Johnny “Juice” Rosado : Emmy Nominated Composer/Producer/Turntablist/Engineer
Longtime Blue Sky Aficionado Mixes It Up On Numerous Music/Film Projects
DJ Johnny “Juice” Rosado was raised in the Bronx projects and witnessed the birth of Hip-Hop from his doorstep. He took a shine to the turntables and taking the lead from the pioneering visionaries that came before him—from Grandmixer DXT to Jam Master Jay—fashioned a career as a sought-after turntablist and later engineer and producer. He connected with Public Enemy and Chuck D in 1987, and served as the DJ on the band’s epic Yo! Bum Rush the Show and It Takes a Nation of Millions to Hold Us Back before taking a six-year detour in the Navy at a top-secret submarine base in California.
His work over the past two decades, especially with the first two Public Enemy albums, is forever embedded into Hip-Hop history. As a producer/composer/arranger/musician/engineer/consultant as well as turntablist, B-boy, graf writer and MC, he’s been inducted into the Long Island Music Hall of Fame, and nominated for an Sports Emmy Award for “Outstanding Music Composition/Lyrics” for his work on the ESPN documentary, “Ali Rap”. At any given time, Juice is juggling myriad projects in various stages of completion—from scoring films and commercial spots, to mixing and producing recordings for artists ranging from up ’n’ comers to established artists… And then there’s that debut solo album that just never gets done…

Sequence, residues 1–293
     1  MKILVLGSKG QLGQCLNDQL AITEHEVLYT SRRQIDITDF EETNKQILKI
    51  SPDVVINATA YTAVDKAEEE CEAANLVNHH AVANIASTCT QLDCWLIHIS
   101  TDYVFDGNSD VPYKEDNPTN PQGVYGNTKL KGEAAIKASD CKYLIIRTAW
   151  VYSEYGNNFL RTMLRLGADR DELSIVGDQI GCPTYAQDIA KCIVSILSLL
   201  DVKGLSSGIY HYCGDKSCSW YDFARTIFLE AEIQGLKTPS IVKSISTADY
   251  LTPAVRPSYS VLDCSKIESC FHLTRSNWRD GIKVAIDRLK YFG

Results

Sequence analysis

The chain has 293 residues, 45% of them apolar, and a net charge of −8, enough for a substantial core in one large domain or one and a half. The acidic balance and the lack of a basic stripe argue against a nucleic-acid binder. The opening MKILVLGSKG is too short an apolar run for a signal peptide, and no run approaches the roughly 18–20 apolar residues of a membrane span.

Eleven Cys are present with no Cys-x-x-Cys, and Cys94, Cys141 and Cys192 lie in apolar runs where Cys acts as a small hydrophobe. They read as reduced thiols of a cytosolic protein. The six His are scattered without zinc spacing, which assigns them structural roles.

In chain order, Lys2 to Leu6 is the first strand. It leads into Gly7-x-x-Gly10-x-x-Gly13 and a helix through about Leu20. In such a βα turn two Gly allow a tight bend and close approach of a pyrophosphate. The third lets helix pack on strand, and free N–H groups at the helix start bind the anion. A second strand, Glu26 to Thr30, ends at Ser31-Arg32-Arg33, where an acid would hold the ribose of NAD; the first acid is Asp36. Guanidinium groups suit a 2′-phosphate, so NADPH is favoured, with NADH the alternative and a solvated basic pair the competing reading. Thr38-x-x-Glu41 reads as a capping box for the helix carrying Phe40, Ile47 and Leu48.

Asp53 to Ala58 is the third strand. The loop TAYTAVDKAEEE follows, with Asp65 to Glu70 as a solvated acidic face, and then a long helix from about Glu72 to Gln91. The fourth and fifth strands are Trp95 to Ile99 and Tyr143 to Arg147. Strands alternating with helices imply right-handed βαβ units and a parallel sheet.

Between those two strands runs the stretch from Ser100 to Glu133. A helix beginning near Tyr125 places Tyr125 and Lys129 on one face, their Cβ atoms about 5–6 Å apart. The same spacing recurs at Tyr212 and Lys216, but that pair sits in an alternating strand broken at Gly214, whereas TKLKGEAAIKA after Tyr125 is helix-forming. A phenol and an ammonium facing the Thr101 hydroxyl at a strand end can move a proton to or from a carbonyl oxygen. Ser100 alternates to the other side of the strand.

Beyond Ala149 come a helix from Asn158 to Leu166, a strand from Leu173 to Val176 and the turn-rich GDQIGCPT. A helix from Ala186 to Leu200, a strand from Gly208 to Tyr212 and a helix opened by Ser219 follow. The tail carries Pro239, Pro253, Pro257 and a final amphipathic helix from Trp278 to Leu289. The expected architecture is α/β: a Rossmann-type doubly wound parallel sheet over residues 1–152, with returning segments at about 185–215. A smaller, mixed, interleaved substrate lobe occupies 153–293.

Tell me a little bit about your studio? What is your primary focus/clientele?
My studio is called the “Terrordome” and is located in Long Island, NY. It is a Cakewalk Sonar/PC-based facility even though I do have Pro Tools M-Powered as well as Cubase available running on a Rain Recording ION PC. My main interfaces are Roland/Cakewalk’s Sonar V-Studio 700 system as well as an M-Audio Firewire 2626. I have multiple mic pre’s, from M-Audio’s Tampa and Octane Pre’s to Toft’s EC-1, Joe Meek mic pre’s, and an API Lunchbox with some pretty good stuff inside! I have a pretty decent mic cabinet with everything from the standard SM-57′s, Audix Drum Mics, EV, Samson, and Shure Dynamic mics, and M-Audio Sputniks, Rode NTK, NT1000, and BLUE Baby Bottle and Bluebird mics. Of course, there are turntables, and external keyboards and drum machines for that old school Hip-Hop sound.
My monitor system is anchored by Blue Sky’s Sat 8′s and a Sub 212. They’re just perfect for the size of my control room.
The primary focus of The Terrordome is recording and mixing projects for Public Enemy as well as groups for Chuck D’s online record label, SLAMJamz. It is also my personal studio that I use for all of the projects that I either produce, compose, or record and mix. Lately however, I’ve been doing a lot of live recording, rock bands specifically.
You’ve been a longtime Blue Sky user and I’m curious what led you to them initially, and what qualities do they possess that work well for you?